privilege of his acquaintance. To the innermost circle of those who were connected with him by family ties, or by social ties, he was the object of affectionate love; to the outer circle of those with whom he was officially connected, he was the object of the warmest esteem; to the more comprehensive circle of those who knew him by his character and his actions, he was the object of grateful admiration and respect. To him the splendour of external rank, which in many is but a substitute for personal worth, was almost superfluous, for the glare of temporal titles and of worldly honours was far surpassed by the brighter and more enduring lustre of sterling honour and intrinsic virtue.

"His religious convictions were earnest, steadfast, intelligent, and sincere; and I can state that he was impressed with a deep and abiding feeling of personal piety and devotion. His charities were munificent and unbounded; but they should not be called charities. This word has been degraded into a vulgar and paltry vehicle for expressing those unspontaneous donations which moneyed parsimony occasionally doles out under the influence of vanity and self-gratulation, so as to cause a blush instead of exciting gratitude in the recipient. We want a new term to describe that pure and simple liberality which gives, if I may so say it, without giving, and is received without the humiliating feeling of being received. If we could transfer from a Grecian source the term which the Apostle employs in the 13th chapter of his first Epistle to the Corinthians we should have the right designation of genuine Christian philanthropy, which suffereth long and is kind; vaunteth not itself; is not puffed up; seeketh not her own;' and which was the root and principle from which the noble generosity so profusely exemplified in the late Earl of Carlisle was derived. How willingly did he contribute to every public enterprise of usefulness or benevolence! how feelingly did he sympathize with every case of distress that came before him! His delight was to feed the hungry, to clothe the naked, to relieve the sick, to make the orphans' and the widows' heart exult with joy; to enjoy the luxury of doing good; and he felt peculiar pleasure in fostering rising talent with kind and liberal encouragement, and in acting as the generous and discriminating patron of obscure and of struggling merit.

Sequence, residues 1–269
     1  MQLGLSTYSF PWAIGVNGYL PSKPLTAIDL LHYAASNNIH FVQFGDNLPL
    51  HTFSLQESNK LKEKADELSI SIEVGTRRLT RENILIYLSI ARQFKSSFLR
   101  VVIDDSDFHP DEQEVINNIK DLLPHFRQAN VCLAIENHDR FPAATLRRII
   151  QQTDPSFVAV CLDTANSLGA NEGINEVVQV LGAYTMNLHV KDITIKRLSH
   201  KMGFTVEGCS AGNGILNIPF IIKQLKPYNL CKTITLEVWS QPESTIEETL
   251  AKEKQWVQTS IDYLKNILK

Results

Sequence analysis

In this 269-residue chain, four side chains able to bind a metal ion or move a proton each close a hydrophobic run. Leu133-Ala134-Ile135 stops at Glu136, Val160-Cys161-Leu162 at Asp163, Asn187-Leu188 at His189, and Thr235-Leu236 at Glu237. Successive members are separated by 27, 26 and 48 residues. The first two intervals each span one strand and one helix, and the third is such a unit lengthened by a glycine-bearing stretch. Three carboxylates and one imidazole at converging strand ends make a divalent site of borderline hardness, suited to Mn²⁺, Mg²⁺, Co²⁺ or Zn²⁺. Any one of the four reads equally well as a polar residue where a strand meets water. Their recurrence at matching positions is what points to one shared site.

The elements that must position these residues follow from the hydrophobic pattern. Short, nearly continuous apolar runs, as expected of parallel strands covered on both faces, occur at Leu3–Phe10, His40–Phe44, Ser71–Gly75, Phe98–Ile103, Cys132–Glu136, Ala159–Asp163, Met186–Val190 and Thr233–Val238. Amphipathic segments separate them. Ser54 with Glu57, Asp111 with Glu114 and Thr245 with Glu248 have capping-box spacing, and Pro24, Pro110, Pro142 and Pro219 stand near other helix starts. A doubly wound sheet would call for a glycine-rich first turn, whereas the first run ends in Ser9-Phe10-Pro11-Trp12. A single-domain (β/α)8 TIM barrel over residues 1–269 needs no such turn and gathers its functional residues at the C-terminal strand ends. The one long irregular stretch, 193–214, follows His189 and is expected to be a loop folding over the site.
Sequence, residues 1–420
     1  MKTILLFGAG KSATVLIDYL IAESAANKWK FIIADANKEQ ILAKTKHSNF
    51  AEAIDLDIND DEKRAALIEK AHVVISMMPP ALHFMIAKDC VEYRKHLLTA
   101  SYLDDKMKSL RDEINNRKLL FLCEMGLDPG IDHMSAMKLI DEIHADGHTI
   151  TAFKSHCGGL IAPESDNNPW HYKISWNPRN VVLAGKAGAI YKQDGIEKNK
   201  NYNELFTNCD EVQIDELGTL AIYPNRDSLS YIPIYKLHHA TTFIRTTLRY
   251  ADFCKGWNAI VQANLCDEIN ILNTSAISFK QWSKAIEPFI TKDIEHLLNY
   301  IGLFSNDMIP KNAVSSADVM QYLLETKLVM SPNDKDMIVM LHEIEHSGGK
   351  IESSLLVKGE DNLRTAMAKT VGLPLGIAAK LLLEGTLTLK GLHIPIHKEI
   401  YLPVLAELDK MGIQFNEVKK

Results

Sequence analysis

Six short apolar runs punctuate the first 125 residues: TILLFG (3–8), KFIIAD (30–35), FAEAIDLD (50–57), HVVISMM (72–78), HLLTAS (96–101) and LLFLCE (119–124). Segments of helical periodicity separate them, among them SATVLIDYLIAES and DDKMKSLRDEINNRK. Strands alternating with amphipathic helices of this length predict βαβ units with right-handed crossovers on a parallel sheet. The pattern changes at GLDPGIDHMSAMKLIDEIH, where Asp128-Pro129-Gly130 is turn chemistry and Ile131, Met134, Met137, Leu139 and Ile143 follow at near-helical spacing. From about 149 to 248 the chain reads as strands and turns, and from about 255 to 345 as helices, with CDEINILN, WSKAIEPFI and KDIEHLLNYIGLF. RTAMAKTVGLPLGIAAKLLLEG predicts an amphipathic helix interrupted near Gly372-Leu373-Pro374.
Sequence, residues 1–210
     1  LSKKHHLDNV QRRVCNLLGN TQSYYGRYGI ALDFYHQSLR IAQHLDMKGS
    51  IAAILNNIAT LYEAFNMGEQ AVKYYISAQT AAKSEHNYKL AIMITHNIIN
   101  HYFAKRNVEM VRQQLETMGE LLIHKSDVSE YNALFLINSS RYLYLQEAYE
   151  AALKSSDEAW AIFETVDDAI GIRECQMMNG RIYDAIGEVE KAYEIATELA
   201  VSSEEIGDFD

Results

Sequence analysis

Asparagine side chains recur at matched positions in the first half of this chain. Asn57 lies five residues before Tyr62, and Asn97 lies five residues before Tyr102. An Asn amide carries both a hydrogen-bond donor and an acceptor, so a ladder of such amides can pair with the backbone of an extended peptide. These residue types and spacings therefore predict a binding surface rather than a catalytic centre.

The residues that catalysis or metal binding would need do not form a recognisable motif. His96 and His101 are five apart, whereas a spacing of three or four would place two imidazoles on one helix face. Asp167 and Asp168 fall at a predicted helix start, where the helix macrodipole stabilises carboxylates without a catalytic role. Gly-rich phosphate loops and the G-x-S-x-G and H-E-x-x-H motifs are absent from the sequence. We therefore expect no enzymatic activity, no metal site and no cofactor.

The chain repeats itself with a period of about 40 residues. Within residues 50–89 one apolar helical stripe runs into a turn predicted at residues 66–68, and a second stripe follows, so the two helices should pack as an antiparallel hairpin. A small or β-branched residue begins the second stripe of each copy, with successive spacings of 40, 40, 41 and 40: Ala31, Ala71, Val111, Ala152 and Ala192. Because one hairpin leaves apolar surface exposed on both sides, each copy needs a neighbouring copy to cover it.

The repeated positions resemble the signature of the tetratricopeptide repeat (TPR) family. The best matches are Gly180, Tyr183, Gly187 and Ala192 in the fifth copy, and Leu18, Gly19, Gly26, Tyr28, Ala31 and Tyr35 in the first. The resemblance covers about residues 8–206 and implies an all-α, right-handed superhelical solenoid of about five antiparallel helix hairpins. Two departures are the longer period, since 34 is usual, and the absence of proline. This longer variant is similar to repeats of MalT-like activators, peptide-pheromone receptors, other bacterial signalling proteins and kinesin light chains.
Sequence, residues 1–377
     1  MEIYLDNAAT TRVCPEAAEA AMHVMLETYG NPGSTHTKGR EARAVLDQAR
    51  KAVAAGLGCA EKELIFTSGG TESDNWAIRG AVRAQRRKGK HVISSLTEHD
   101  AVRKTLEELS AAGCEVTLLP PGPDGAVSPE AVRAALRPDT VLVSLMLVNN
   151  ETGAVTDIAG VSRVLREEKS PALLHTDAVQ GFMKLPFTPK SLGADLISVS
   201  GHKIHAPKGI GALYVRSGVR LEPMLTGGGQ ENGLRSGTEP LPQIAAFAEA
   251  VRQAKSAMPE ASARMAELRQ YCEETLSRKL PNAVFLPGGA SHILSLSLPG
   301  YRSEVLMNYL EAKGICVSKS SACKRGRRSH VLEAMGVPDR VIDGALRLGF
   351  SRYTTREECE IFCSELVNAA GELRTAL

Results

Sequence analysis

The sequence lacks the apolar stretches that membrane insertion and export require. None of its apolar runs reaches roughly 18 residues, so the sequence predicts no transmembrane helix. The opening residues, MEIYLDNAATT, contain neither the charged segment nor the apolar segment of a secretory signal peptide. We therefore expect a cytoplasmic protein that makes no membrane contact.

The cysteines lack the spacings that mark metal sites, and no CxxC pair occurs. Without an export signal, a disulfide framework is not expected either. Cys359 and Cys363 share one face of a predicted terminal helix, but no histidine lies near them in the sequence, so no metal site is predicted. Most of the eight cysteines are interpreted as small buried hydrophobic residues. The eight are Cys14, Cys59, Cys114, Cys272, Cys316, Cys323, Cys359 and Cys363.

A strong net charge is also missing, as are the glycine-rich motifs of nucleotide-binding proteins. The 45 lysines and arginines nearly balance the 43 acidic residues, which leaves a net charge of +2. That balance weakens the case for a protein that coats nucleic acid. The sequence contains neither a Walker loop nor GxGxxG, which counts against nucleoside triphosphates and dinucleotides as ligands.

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"This is not the place in which we should refer to anything of a political bearing or complexion; but this I may say, that in the administration of the Government of this country it was his great desire and aim to be an unbiassed and impartial ruler. He always felt and acted as one who had been peculiarly intrusted with a mission of philanthropy from our good and gracious Queen to her people of every sect, and party, and denomination in our land. And accordingly, whatever had a tendency to eradicate prejudice, to emancipate the mind from bigotry, to make the candid, the generous, and patriotic in sentiment predominant over every feeling of an intolerant and exclusive

complexion, ever met with his heartiest welcome and was greeted with his warmest applause. In the matter of education his object was to raise the intellectual tone and character of the people, and to vindicate for the poor man that freedom of conscience and right of private judgment which the rich man is able and determined to assert for himself, and to make not only the system which is established by the State, but also every other system, no matter on what principle it may be based, the means of achieving moral victories over ignorance and vice, of banishing the evil spirit of religious discord, and of scattering the seeds of industry and loyalty and sobriety, and of all the household virtues of society broadcast throughout the land.

"His life was a life of faith in the Son of God, who loved him and gave Himself for him. I know that his simple dependence was upon the finished work of his Divine Redeemer; that he relied upon His sacrifice alone for pardon-upon His righteousness alone for acceptance with God; and that he looked forward with clear and unclouded faith to that blessed hope, even the glorious appearing of our great God and Saviour Jesus Christ. His latter days were days of peaceful serenity and of tranquil joy; and instead of manifesting symptoms of restlessness and irritation under the pressure of the disease by which he was afflicted, the lustre of Christian principle shone forth with clear and hallowed brightness, and gave a sacred softness to his whole deportment. His work on earth is done, and now he sleeps in Jesus."


Lord Carlisle's functions in the world of statesmanship seemed to be to represent and sustain the highest magnanimity, devotedness, and benevolence. In every sphere of his useful life, in every office of state to which he was called by the favour of his Sovereign, he was distinguished by the ability, zeal, and fidelity with which he discharged his social and official duties.

The welfare of the working classes was to him a subject of deep interest from the period of his entrance into public life. The Lectures he delivered abound with sentiments of earnest regard for their amelioration-the actions of his entire life accord with the principles which directed his political career.

He was an ardent promoter of Mechanics' Institutes, and initiated Public Libraries and People's Parks.

To all social and sanitary improvements he gave an effective impulse. As Commissioner of Woods and Forests he originated